The Board of Alien Labor Certification Appeals (BALCA) recently upheld the final determination of a Certifying Officer (CO) denying labor certification (LC) for an alien worker for the position of Electrical Helper.
The employer filed a LC on behalf of an alien worker and in November of 2007, the CO denied the application because he was unable to verify the Employer as a bona fide business entity. The Employer requested reconsideration by submitting its 2006 Federal Corporate Tax Return, its Business Certificate Registration and two utility bills. The Federal Employer Identification Number (FEIN) provided on the 2006 Tax Return only matched the first two digits of the FEIN previously provided on Form ETA 9089. Furthermore, the utility bills and the tax return provided a different address from that on the Business Certificate Registration. Thereafter, the CO issued a letter denying reconsideration because the FEIN on the corporate tax return did not match the FEIN on ETA Form 9089. The CO then forwarded the case to BALCA. The Employer filed a letter stating that its company had two addresses, one for its motor shop and the other for its main office, the CO did not file an appellate brief with the Board.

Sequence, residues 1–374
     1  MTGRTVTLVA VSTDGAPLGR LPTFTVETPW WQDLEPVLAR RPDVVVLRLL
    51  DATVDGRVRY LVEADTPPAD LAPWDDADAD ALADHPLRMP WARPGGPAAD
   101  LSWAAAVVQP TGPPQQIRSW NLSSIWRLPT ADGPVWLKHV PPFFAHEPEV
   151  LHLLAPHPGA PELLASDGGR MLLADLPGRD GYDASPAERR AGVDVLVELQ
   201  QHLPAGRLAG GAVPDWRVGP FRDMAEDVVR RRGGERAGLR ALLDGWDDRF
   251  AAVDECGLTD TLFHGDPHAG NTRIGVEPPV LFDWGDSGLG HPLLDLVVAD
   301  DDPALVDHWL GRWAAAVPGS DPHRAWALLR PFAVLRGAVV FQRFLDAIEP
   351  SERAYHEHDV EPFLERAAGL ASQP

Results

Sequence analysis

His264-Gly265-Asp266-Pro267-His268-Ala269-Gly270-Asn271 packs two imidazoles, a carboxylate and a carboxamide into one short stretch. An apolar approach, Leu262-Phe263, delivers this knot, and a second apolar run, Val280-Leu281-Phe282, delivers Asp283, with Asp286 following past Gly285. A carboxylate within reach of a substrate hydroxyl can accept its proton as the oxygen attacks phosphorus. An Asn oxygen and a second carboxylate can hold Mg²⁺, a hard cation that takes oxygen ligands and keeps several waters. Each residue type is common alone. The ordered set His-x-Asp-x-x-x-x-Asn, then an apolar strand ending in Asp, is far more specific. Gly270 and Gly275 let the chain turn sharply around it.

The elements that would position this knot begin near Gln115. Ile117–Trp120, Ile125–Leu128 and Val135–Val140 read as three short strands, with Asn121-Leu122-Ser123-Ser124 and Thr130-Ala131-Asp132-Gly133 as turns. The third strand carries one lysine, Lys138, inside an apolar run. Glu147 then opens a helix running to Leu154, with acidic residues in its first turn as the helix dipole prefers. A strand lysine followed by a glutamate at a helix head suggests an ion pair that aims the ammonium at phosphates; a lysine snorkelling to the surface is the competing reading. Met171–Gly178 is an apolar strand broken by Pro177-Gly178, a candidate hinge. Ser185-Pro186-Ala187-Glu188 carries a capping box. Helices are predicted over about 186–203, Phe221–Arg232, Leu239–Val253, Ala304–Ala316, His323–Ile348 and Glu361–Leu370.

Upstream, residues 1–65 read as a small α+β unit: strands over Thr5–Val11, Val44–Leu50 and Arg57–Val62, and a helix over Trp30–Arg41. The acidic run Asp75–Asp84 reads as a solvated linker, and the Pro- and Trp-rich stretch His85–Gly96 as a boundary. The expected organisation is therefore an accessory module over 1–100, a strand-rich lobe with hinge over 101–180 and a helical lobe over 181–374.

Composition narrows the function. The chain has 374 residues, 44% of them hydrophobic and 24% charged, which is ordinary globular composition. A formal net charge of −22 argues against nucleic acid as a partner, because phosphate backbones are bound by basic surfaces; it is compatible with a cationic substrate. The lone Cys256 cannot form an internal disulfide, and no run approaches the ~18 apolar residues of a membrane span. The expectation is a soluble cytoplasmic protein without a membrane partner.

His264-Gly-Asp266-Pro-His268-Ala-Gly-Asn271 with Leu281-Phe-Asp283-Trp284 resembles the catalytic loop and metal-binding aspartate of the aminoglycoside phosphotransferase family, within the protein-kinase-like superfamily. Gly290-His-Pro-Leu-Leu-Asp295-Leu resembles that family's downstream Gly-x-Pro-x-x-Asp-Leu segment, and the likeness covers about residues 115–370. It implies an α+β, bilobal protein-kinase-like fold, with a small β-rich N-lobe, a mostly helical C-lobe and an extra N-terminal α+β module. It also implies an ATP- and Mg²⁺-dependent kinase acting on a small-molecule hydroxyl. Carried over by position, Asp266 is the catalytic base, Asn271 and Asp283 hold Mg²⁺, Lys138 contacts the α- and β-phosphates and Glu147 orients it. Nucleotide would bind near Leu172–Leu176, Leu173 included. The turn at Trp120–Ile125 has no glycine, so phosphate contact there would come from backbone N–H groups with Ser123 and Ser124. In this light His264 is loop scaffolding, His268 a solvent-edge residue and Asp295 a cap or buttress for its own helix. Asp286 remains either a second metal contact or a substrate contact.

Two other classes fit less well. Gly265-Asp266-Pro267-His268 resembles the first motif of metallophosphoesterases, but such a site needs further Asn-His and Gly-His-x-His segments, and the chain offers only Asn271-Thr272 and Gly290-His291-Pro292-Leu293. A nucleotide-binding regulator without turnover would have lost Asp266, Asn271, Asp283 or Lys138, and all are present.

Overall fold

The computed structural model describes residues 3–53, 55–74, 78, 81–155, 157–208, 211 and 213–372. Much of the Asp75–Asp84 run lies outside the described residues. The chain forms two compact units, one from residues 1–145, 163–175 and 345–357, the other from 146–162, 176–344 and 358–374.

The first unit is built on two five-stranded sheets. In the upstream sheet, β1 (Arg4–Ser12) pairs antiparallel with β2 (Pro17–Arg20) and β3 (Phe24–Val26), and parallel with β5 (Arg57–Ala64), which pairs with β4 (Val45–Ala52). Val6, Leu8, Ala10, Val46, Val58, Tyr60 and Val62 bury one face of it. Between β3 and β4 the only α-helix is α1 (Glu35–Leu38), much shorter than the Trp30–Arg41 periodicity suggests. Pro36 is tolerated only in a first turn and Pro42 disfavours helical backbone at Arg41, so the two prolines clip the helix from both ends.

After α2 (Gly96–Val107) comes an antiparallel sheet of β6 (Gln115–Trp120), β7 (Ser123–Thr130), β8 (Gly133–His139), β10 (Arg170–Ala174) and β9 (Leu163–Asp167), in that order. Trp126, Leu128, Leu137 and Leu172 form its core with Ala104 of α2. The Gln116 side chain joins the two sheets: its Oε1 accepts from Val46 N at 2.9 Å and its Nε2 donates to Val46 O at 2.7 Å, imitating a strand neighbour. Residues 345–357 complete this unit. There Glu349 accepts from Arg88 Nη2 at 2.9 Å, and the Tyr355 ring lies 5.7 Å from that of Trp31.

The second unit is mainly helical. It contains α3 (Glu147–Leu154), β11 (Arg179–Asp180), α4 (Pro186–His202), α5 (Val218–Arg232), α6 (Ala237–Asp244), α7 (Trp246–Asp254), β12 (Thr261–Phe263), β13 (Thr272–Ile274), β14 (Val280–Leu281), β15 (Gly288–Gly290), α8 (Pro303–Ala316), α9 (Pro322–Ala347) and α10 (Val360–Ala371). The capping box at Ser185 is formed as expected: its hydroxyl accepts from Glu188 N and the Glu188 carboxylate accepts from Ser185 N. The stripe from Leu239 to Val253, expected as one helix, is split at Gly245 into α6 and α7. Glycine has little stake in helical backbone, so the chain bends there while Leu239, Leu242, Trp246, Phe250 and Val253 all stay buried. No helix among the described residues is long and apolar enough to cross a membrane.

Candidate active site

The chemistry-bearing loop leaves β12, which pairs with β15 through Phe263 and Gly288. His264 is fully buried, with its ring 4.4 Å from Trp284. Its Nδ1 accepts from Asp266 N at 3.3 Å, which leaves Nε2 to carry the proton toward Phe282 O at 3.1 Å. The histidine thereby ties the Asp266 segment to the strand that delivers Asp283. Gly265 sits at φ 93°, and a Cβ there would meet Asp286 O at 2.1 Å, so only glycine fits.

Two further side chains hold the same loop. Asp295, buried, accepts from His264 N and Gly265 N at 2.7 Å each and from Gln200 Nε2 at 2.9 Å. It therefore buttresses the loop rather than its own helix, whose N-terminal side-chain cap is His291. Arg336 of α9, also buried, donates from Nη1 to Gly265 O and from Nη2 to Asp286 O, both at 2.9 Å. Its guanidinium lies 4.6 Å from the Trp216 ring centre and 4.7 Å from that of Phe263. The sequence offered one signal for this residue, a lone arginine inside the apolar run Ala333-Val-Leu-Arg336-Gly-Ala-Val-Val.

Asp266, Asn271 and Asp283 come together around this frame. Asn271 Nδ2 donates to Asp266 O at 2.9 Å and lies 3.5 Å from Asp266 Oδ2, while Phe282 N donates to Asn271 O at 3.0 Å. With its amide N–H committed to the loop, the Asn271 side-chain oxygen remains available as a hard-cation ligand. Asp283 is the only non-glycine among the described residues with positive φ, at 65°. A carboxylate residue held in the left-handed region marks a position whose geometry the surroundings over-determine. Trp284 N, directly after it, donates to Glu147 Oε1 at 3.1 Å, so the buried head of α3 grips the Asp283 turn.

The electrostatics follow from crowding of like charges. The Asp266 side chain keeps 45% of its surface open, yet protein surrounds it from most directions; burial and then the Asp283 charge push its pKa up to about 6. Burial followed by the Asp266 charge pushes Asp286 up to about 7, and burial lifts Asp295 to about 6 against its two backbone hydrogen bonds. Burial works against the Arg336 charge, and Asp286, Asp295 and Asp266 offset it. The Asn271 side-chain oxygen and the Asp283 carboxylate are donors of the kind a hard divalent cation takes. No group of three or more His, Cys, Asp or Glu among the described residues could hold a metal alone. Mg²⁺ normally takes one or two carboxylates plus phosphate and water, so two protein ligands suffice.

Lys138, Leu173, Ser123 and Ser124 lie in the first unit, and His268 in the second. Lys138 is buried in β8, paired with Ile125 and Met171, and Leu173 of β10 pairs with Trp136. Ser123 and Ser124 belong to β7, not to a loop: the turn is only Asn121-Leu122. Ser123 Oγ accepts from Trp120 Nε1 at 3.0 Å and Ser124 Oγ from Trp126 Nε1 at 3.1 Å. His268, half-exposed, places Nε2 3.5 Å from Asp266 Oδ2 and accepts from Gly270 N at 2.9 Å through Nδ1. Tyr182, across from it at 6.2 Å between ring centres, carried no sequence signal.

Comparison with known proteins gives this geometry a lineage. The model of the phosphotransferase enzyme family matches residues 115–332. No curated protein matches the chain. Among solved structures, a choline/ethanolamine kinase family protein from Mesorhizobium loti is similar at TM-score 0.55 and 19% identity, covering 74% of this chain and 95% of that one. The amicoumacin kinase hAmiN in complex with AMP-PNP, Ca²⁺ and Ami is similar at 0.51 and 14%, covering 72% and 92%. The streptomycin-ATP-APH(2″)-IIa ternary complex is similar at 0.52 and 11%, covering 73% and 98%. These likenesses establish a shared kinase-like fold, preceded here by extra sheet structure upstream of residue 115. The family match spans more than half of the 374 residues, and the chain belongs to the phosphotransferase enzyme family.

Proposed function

Upon BALCA review, it was determined that the requirement in ETA Form 9089 requiring submission of a FEIN was fully supported by the regulations and by policy of using the FEIN as a means of verifying whether an employer is a bona fide business entity. An employer MUST possess a valid FEIN when applying for labor certification pursuant to PERM regulation 20 C.F.R. § 656.3. In the present case, there was a discrepancy in the FEIN provided in ETA Form 9089 and in the 2006 tax return; however, the Employer failed to explain the discrepancy.
Accordingly, since the discrepancy in the FEINS was not clarified, the Board affirmed the CO’s denial of certification.